Imagine it: clients who are seeking work could have job counselors, the opportunity to print out a resume, access to a decent set of interview clothes, and even the opportunity to find employment at a WPA-type public works job that will help establish their job credentials. Those who are mentally damaged or addicted need therapists, physicians who can diagnose free medications to treat their illnesses, and helpers to oversee their wellbeing. And all these people need a place to live, a real and permanent address to call home, not simply a place to flop each night. They need room with a closet or a storage locker to call their own, because nothing so deprives a person of a sense of identity as not having the option to have and keep a few personal possessions in a space of their own. And don’t call this new-hope transition academy a ”homeless center,” because that just reinforces the old stereotypes. Clients should not have to hang their heads with embarrassment when they enter the front door.
The ethical responsibility of caring for and assisting our brothers and sisters in time of need is part of the social contract. Little as we might want to deal with the homeless population, to do so is a sign of a compassionate and civilized society. A transition academy requires money to run, but it costs less in the long run than shooing vagrants away, to hunt down their tents along the fringe of the city and repeatedly evict them, to arrest them, to pay for their emergency room hospital visits, and to maintain and oversee all the multiple homeless shelters that currently operate in our city. To improve these people’s chances of re-entering society and functioning again as citizens is a cost well worth investing in.
Many vacant buildings within the city limits could contain such a permanent transition academy. This is not an unattainable goal and many cities are doing just this. In Portland, Oregon, Transition Projects assists more than 9000 homeless persons each year and has grown and strengthened its services since 1969. Minneapolis has Higher Ground. Many similar services are discoverable online. Bloomington is a progressive and good place to live—if you own a house. It should aspire to being a progressive place as well for those who are experiencing homelessness.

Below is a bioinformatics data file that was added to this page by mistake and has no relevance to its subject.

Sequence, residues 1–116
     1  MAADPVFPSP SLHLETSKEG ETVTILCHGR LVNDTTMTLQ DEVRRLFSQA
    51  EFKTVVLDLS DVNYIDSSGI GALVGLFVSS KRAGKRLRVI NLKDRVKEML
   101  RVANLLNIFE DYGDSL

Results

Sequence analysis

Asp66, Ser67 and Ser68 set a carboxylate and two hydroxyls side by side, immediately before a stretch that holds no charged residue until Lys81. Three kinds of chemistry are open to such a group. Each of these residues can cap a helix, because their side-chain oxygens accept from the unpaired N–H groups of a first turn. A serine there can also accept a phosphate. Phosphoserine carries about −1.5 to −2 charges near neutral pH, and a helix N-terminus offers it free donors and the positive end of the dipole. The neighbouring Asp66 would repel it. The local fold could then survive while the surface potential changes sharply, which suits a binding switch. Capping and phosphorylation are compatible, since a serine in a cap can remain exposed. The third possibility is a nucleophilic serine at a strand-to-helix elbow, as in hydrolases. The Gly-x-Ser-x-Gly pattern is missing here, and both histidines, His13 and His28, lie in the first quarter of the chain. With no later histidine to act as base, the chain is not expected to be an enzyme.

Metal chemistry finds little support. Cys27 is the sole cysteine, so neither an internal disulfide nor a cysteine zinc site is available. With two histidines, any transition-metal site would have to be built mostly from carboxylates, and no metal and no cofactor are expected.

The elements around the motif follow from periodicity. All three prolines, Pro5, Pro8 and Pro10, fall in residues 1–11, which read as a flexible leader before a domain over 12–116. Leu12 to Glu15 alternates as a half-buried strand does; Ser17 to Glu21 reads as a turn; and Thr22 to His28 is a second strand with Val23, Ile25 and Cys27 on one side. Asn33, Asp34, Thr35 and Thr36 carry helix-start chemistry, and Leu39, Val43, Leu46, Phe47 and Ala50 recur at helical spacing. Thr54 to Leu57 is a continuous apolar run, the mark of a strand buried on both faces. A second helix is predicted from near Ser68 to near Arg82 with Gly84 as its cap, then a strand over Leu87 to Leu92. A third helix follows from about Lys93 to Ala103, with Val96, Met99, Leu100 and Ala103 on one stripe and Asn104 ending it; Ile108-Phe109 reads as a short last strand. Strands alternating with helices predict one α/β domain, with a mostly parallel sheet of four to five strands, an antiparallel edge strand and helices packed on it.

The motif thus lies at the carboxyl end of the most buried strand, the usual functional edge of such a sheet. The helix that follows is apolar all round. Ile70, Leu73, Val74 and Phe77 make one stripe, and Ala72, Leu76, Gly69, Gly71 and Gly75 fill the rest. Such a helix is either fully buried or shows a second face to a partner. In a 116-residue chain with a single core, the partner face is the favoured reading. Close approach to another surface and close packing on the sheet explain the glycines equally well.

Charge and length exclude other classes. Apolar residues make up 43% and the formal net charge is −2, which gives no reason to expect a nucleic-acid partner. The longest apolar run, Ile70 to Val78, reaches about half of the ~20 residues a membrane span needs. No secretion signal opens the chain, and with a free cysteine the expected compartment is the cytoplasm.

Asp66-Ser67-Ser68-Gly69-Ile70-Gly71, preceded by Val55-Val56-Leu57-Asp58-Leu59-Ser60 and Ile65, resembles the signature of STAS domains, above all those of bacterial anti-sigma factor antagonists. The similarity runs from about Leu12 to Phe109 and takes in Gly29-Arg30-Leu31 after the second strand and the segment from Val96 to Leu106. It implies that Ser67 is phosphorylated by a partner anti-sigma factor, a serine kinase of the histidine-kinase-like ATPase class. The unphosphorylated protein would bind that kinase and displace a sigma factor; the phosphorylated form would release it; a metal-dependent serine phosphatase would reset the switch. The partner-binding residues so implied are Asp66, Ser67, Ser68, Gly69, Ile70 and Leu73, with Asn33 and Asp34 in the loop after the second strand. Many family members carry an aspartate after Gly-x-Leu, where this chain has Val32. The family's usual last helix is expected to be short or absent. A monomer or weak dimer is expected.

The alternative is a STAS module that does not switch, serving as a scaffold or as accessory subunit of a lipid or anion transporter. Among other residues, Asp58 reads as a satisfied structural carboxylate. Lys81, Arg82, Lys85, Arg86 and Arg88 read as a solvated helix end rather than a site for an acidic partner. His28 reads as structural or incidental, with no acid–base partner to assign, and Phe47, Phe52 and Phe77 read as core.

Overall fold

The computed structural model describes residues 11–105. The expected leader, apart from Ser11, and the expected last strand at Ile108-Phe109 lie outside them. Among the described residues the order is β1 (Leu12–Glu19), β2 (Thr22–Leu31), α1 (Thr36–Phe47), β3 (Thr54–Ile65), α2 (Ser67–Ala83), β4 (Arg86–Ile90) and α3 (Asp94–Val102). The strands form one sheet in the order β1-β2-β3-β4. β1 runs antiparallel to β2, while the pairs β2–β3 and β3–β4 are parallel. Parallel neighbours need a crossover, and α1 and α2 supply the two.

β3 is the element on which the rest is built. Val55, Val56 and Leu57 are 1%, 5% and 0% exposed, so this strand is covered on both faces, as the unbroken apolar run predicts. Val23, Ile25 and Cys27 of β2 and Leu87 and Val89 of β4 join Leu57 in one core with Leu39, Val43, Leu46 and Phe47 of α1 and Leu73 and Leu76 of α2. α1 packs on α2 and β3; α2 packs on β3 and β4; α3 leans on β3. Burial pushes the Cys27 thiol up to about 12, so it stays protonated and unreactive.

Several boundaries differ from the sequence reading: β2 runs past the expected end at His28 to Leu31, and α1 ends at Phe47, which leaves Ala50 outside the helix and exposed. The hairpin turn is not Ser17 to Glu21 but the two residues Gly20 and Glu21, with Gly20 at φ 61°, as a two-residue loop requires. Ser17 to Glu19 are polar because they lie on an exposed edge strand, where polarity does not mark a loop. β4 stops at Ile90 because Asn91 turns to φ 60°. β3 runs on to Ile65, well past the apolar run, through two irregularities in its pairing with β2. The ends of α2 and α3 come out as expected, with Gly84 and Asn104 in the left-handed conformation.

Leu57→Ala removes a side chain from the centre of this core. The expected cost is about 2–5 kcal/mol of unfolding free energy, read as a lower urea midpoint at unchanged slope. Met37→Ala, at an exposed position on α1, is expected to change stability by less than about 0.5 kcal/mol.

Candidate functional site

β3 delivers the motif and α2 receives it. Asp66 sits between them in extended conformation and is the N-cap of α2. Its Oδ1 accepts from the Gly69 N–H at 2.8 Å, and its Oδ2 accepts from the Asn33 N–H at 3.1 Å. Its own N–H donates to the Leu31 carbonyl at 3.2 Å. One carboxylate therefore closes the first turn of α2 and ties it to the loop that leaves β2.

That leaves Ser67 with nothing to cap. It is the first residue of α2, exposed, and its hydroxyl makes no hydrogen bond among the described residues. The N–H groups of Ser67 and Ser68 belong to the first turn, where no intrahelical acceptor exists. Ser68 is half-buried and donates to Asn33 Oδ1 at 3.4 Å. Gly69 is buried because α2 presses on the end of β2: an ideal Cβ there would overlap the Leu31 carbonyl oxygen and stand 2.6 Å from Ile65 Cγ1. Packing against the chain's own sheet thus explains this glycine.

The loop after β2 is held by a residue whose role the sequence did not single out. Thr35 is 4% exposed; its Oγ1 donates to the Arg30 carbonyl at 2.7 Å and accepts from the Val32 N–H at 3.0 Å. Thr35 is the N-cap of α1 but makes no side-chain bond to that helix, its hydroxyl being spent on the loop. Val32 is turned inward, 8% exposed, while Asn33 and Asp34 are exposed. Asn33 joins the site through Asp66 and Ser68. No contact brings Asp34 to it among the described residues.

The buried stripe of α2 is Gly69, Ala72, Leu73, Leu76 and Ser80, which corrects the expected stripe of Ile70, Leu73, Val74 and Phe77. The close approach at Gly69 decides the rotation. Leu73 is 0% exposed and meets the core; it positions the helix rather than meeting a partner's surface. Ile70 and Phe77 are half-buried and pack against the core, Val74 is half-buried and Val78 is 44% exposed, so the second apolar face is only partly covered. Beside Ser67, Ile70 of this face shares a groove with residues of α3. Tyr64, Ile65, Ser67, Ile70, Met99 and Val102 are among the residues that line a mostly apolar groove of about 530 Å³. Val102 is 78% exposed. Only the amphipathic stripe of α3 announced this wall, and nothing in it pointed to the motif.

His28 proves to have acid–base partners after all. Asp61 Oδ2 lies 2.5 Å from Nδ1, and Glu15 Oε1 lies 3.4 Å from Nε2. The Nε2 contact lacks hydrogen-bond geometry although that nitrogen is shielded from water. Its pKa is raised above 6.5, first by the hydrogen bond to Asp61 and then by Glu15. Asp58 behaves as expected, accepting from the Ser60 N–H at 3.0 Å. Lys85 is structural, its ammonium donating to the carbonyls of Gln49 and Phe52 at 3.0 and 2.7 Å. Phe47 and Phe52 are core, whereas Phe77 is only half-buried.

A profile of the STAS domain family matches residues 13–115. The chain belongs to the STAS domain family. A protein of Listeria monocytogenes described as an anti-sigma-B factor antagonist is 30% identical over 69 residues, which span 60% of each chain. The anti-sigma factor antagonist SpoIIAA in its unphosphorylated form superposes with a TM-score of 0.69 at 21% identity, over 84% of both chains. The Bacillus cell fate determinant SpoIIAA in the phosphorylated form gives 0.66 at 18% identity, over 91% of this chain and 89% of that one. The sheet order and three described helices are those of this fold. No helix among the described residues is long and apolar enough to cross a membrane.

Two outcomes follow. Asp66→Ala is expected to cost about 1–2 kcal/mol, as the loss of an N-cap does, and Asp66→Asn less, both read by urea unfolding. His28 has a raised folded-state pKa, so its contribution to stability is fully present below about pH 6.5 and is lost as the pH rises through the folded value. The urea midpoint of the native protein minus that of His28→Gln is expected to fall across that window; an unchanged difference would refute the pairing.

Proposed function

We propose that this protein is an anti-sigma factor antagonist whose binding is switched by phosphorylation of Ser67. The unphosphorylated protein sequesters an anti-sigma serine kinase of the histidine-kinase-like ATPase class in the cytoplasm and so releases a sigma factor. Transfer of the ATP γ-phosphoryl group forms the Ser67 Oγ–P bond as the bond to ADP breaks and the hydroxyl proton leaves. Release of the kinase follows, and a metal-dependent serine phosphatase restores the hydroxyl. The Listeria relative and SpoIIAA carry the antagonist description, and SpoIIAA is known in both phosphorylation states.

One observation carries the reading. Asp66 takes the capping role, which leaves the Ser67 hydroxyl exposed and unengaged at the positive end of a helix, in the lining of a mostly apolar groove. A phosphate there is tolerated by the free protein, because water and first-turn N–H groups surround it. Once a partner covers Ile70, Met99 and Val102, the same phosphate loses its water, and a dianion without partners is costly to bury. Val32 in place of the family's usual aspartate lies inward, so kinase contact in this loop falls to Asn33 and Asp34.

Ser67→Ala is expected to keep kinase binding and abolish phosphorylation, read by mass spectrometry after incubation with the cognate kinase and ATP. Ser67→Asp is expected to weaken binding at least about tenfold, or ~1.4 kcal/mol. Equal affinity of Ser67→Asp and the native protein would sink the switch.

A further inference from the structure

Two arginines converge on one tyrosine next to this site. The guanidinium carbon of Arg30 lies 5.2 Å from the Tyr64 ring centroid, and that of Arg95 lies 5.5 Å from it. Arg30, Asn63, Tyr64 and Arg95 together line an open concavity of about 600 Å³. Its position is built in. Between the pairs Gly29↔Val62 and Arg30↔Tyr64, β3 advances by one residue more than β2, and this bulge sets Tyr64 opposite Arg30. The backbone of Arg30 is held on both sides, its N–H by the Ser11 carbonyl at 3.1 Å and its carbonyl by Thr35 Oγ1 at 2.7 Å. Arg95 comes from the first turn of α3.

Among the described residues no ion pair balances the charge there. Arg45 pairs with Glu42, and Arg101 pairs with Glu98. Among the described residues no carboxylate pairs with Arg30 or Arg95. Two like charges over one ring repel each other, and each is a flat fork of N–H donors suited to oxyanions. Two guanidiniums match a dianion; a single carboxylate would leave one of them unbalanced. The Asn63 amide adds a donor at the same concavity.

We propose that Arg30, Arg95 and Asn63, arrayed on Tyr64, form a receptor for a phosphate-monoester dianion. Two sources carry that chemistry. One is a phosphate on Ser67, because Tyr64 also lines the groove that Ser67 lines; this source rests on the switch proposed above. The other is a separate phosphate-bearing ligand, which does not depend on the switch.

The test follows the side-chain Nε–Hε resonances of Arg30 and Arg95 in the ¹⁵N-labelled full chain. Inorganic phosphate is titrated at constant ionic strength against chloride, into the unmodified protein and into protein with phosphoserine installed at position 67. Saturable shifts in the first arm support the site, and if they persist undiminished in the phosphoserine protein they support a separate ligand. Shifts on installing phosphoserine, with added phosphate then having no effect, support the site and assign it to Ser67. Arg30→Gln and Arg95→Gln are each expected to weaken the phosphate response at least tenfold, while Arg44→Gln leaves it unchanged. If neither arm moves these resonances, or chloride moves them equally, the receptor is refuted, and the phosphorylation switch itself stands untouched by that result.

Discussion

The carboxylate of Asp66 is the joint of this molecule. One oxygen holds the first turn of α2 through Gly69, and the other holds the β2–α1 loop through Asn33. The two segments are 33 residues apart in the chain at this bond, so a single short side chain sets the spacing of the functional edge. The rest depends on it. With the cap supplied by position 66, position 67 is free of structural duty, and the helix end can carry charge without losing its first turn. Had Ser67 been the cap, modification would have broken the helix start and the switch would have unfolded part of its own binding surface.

People laugh at chickens, make jokes about them, and sing comic songs about them. But there’s a great deal of innate dignity in a hen, although those who have never watched them might not believe this.
They don’t need a weatherman. My flock consists of several large and heavy birds who fly with difficulty, as well as several slim small birds who fly readily. The flyers prefer to roost outside their coop on fine nights. When rain is pending but has not yet arrived, the fliers choose to go inside with their heavier sisters for the night because they can feel the approach of a midnight storm hours before it arrives.
They have jungle-vision. Descended from wild jungle fowl of Southeast Asia, chickens have eyesight that penetrates the deepest shadow. They can see me inside the house moving around even when they’re outside in the blazing sunlight. When I stand in their enclosure and look back at the house, the windows appear to me to be nothing but flat black rectangles. But the hen’s vision pierces right through that blackness to perceive me inside the kitchen or walking around in the other rooms. I know they can see me because they rush to the fence and run back and forth, looking at me. If I wave at them from deep inside the house—even ten feet away from the nearest window—they can see it, and they begin calling to me and working themselves up into a tizzy.